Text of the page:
Good News!!! Six years of NEC’s close involvement with Congressman Huffman and a wide coalition of conservationists resulted in an important success. The Wilderness, Recreation, and Working Forests Act, H.R. 2250, passed out of the U.S. House Natural Resources Committee in what is referred to as a “mark-up” hearing on November 20 with a 22-11 bipartisan vote.
H.R. 2250 has been a priority concern for the NEC and members have been working on this legislation with a coalition of conservationists for six years. Congressman Huffman worked tirelessly with communities, local businesses, and conservationists to craft a bill that will designate over 270 miles of Wild and Scenic River waterways in northwest California including the Eel River, the South Fork and East Fork North Trinity Rivers, Redwood Creek, Canyon Creek, and many tributaries. The bill will also add over 200,000 acres to designated wilderness and over 700,000 acres of working forests into targeted reforestation efforts. The bill promotes cooperative efforts to continued restoration of the clear-cut lands now within Redwood National and State Parks and boosts the local outdoor recreation economy by mandating coordinated recreation planning among federal land managers and creation of the long-distance Bigfoot National Recreation Trail.
This bill was one of three similar bills that increase wilderness and wild and scenic river designations on lands and waters under the management of
Congressman Huffman wrote: “The Northwest California Wilderness, Recreation, and Working Forests Act is focused on a future for Northwest California where public lands are restored and protected, the outdoor recreation economy continues to grow, and rural communities can thrive.”
The next step is a vote by the full House of Representatives. The date of that vote has not yet been set. Senator Kamala Harris has already begun the process in the U.S. Senate by introducing identical legislation to Huffman’s bill. It is unknown whether action will take place in the Senate this year, but the NEC is working hard to keep this important bill moving forward and looks forward to it becoming law.
Economic Policy and Natural Resource Impacts:
Supporters of the current administration frequently point to the healthy state of the U.S. economy under this President. Indeed, many economists are quick to agree that unemployment is down and those who can afford to risk money in stocks are happy with the general trend of the stock market. Of course, there are good economists who correctly point to some weaknesses in that analysis, but overall economists agree; the U.S. economy is healthy. Conservationists, however, should be asking at what cost? When regulations, especially in the form of environmental regulations, are loosened or removed from energy developers and producers, timber management, and manufacturing, those businesses generally then produce more profit. That profit comes from disregard for clean air, water, endangered species protections and a host of other environmental concerns that are being diminished primarily by Executive Orders coming from the White House and agency heads, not from new laws. Why is that important? That means we may be looking at a false economy. Short-term economic boosts will be paid for in the costs of our children’s health and costs of restoring eroded lands and toxic air and water. So next time you hear how we should appreciate the better economy and more jobs, realize that is a temporary benefit and the costs will be paid eventually at the expense of generations to come.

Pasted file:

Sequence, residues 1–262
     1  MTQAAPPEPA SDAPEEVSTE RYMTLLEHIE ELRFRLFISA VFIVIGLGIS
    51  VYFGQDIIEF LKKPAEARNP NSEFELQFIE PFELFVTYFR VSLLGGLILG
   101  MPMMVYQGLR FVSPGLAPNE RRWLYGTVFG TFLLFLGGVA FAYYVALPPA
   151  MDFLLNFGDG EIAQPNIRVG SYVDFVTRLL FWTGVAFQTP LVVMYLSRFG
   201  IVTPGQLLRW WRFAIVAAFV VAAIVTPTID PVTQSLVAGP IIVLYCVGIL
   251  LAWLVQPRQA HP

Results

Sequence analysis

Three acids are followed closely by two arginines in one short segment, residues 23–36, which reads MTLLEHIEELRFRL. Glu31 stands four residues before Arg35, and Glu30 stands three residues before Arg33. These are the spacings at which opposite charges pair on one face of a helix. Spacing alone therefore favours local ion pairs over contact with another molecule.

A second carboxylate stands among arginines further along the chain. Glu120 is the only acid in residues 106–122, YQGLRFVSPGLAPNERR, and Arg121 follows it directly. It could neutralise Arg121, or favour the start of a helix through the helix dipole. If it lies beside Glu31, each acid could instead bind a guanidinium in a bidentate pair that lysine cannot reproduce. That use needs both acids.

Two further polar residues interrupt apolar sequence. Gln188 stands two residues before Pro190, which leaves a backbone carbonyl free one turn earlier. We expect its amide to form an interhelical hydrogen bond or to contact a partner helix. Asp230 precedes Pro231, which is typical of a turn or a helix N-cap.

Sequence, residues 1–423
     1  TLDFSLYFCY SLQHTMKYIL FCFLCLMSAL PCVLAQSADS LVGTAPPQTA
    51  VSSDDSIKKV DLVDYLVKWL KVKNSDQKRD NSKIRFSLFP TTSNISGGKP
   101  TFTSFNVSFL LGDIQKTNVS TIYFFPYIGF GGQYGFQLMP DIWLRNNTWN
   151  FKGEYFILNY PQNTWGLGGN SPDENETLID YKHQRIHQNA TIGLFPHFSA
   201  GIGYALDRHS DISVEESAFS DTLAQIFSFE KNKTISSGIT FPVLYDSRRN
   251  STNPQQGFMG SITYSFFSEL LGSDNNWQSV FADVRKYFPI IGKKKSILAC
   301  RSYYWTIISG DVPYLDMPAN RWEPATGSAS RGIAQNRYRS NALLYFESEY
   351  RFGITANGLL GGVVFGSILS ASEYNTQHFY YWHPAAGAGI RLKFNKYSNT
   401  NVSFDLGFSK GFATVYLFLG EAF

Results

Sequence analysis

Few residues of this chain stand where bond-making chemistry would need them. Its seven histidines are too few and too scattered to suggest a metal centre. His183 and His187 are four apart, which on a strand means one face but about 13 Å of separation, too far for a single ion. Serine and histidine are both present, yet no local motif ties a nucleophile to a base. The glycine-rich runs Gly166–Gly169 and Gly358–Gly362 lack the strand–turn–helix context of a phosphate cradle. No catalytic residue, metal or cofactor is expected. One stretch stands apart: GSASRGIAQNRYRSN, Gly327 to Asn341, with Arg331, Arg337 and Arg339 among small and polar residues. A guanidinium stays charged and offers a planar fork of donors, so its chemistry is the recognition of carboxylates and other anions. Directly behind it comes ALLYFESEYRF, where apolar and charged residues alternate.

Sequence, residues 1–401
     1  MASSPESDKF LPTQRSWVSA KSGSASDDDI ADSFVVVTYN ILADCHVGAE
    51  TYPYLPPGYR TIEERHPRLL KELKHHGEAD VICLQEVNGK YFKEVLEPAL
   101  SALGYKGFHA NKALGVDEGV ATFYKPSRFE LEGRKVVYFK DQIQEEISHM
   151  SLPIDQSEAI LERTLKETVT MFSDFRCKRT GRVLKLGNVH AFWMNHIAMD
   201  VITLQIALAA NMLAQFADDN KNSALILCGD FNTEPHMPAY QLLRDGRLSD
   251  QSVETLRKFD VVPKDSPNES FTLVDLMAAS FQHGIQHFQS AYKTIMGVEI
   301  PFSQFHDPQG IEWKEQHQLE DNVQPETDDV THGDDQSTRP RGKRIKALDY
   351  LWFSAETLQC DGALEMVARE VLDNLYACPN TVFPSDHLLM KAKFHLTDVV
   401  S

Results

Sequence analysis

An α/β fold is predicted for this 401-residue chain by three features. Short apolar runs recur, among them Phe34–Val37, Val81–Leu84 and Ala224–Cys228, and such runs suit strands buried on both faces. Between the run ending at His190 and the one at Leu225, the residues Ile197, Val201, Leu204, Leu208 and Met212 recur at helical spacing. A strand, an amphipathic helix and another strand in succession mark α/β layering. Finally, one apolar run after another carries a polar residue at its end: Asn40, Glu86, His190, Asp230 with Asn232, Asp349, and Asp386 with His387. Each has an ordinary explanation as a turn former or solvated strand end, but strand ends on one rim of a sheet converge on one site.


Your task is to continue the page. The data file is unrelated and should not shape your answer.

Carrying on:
From the White House:
The Environmental Protection Agency (EPA)—the primary agency in charge of setting guidelines for clean water, air, etc., and enforcement of environmental regulations—wants to make it more difficult for federal agencies to use the best science to guide decisions. With the cleverly worded “Strengthening Transparency in Regulatory Science,” the EPA is continuing a false narrative knowing full well that if the policy is adopted it will harm—not help—environmental protections. The policy would require scientists to turn over all raw data, including confidential medical data, before the study can be used in decision-making. Some studies are proprietary (essentially copyrighted) by states or academic institutions. As a result, some of the most robust and important studies would not be able to be used in developing clean air, water, and other environmental protection rules.
In the Courts:
Drilling in the Arctic Ocean
But there are, in fact, limits on what a President can do with Executive Orders. In April, an Alaskan U.S. District court Judge, Sharon Gleason, ruled against President Trump saying his administration had “exceeded the president’s authority” by pushing for the drilling in over
120 million acres when he signed an executive order to allow offshore oil drilling in the Arctic Ocean. Judge Gleason’s decision restores a ban on drilling in most of the U.S.-controlled Arctic Ocean. Earthjustice attorney Erik Grafe said in a statement reported by the Associated Press, “The president cannot just trample on the constitution to do the bidding of his cronies in the fossil fuel industry at the expense of our oceans, wildlife and climate.” Congressman Huffman introduced a bill to permanently ban drilling in the U.S. Arctic Ocean as well as most of the U.S. Pacific and Atlantic coasts. These bills have not moved yet.
In another blow to President Trump’s agenda to drop protections on public lands, Federal Judge Chutkan ruled against the Justice Department’s motion to dismiss lawsuits that challenge the controversial reductions in acreage in both Bears Ears National Monument and Grand Staircase-Escalante National Monument, both in Utah. Unfortunately, this is a temporary success while the lawsuits proceed.